Nonprofit health insurer Blue Shield of California increased its executive compensation by 64 percent in 2012, according to a report.» Read More
As the finance industry currently stands, no one sails on unaffected. For those laid off during the crisis, experiences and perspectives vary. Vault.com spoke to several people who are coping with layoffs firsthand, and got their own take on how they are moving forward.
When searching for a new job, especially in finance, it’s essential to stay informed of current business news and trends, since they’re often the topics of interview questions and lunch meetings, and could affect where (and to whom) you’ll be sending your resume.
Did you hear the joke about the Wall Street CEO who made as much as $20 million for 18 days of work? Oh, sorry, it’s not a joke! Alan Fishman got a $7 million signing bonus for agreeing to take the helm of troubled Washington Mutual and he’s in line to get another $13 million in severance now that JPMorgan Chase will likely fire him after its acquisition of WaMu.
Just when it looked like the baby boomers would be riding off into the sunset, 401k's and other investments tucked securely in pockets to sustain them through retirement, along comes a "once in a century" financial meltdown and jeopardizes an entire generation's post-working life prosperity.
Irrespective of the bailout’s provisions, given the slow deal market, bankers throughout the industry will certainly receive much lighter bonuses this year versus last. And with the market expected to remain dry through 2009, bonuses next year won’t look much better.
Warren Buffett makes a surprise $5 billion endorsement to Goldman Sachs spacer, while Treasury Secretary Paulson agreed that a proposed $700 billion financial bailout be modified to put some limits on executive pay. Following are today's top videos:
You've been promoted above your peers—and ex-drinking buddies. How do you deal with the inevitable resistance and get them to fall in line behind you?
Everyone and their mother’s favorite industry observer are calling Morgan Stanley and Goldman Sachs’ status switch to holding companies the end of the large independent investment bank as we know it.
We have not seen the complete fallout from the market crisis yet. There will, no doubt, be more bank failures, consolidations and layoffs. This is a time to reflect, take inventory and prepare for the unknown.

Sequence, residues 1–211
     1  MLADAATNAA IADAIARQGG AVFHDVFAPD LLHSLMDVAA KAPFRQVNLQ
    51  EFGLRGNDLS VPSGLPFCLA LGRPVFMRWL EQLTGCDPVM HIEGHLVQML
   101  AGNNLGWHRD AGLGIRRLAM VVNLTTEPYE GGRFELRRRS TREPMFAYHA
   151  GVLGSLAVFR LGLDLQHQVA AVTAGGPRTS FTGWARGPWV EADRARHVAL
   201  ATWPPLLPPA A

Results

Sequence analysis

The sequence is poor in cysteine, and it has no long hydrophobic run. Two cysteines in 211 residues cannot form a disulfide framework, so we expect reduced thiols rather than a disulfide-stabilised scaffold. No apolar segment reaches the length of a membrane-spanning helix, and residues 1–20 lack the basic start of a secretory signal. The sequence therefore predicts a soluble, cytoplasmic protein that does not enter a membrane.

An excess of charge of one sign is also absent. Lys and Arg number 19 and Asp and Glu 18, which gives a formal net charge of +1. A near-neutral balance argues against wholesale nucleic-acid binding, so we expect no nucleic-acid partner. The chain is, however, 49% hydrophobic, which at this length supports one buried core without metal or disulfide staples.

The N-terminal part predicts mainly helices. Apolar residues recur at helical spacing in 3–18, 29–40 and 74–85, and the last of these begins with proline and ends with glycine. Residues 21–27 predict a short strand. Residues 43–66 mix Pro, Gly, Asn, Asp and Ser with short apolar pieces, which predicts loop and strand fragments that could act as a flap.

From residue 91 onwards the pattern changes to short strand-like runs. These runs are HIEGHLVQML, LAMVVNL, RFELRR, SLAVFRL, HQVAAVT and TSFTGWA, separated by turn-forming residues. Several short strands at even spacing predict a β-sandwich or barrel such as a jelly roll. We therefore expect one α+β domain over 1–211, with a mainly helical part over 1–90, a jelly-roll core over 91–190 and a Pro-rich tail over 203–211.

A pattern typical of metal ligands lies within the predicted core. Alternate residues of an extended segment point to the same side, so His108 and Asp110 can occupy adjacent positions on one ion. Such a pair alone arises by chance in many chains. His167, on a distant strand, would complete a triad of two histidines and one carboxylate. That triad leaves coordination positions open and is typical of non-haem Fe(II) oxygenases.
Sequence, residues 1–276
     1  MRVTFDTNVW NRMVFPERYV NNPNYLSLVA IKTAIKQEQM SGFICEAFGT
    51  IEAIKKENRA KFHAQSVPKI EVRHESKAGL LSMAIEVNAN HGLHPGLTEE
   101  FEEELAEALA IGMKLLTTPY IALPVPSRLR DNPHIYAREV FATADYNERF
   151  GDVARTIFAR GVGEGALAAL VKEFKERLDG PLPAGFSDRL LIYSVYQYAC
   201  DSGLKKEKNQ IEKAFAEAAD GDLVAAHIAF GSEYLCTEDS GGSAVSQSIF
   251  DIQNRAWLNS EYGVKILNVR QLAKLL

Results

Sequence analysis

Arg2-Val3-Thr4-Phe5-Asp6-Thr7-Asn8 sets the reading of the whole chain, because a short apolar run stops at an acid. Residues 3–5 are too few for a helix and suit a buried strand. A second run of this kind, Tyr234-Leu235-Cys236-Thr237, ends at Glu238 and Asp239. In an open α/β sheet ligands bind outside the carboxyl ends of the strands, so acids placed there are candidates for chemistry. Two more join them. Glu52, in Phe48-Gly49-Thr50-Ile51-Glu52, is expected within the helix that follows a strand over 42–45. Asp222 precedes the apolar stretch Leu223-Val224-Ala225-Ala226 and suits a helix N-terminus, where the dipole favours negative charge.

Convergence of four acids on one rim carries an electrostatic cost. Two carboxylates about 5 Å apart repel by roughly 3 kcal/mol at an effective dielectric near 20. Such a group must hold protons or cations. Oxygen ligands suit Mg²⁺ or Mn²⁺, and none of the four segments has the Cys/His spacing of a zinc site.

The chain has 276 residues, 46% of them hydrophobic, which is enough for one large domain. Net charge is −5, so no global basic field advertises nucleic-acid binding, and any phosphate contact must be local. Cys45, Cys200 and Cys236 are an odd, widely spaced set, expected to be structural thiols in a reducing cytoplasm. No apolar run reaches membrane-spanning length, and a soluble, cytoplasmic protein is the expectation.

In the funny business of bailing out Wall Street, Peter Morici--a professor of international business at the University of Maryland--insists one of the biggest problems in the current situation is the one thing he claims no one on CNBC wants to talk about: Wall Street salaries.
Much has been made in this Presidential campaign – and much more will be made – about the value of experience and who is qualified to lead. Often, relative youth is cited as a negative.
The fallout from the financial crisis plaguing Wall Street has become as nail-biting as a "Survivor" tribal council, and no one has experienced more drama than the staff of Lehman Brothers.
Earlier this week, in a CNBC exclusive interview, Wilbur Ross, CEO of WL Ross & Co. noted that in the current tumultuous financial environment, private equity firms and buyout specialists may reap a rather depressing benefit--the ability to scoop up distressed banks at rock-bottom prices.
Given the considerable crossover between the banks—especially in investment banking groups such as fixed income, equities and leveraged finance—and the $7 billion in cost savings that BofA has already identified, there will certainly be several thousand job cuts announced at both firms in the next few months.
Lehman Brothers’ bankruptcy means most of its 25,000 remaining employees will soon be out of job without a substantial severance package, leaving them with little breathing room with which to search for a new job.
Former AIG Chairman and Chief Executive Officer Hank Greenberg and other former executives at the insurance giant have reached a settlement with a shareholder group suing them, a source close to the matter has told CNBC.
American International Group said it paid a $47 million severance package to former Chief Executive Martin Sullivan.
The New York Supreme Court's Appellate Division Tuesday threw out a summary judgment decision that former New York Stock Exchange Chairman Richard Grasso must return a portion of his $187.5 million compensation package, and the New York attorney general's office says it will not appeal the decision.
The New York Court of Appeals upheld Wednesday a lower court ruling in a lawsuit involving the compensation paid to former New York Stock Exchange CEO Richard Grasso.
Top managers' perks will figure high on the agenda of tonight's meeting of euro zone ministers, the Eurogroup, in Brussels, with many European officials calling for curbs on bonuses and pay, papers reported on Tuesday.